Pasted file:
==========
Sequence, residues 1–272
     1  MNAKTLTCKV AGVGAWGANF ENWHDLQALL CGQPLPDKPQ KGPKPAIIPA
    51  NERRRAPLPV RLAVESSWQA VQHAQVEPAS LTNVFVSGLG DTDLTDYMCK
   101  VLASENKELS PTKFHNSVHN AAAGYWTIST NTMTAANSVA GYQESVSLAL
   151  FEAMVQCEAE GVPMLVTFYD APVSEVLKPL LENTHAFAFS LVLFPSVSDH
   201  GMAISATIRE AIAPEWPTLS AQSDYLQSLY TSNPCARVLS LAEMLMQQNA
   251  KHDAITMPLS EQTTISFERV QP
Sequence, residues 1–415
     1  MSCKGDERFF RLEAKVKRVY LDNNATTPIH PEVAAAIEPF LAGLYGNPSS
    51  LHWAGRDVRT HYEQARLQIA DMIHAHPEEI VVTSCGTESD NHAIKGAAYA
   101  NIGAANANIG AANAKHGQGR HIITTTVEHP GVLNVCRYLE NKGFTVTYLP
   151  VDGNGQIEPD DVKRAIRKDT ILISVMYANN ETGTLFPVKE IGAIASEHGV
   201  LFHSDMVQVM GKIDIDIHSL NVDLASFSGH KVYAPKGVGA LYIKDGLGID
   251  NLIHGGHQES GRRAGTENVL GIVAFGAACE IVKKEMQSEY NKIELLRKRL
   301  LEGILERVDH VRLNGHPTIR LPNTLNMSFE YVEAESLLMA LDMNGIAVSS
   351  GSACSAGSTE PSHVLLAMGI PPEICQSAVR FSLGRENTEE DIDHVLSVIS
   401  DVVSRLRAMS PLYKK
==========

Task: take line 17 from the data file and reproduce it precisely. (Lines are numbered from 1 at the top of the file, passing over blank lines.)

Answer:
   401  DVVSRLRAMS PLYKK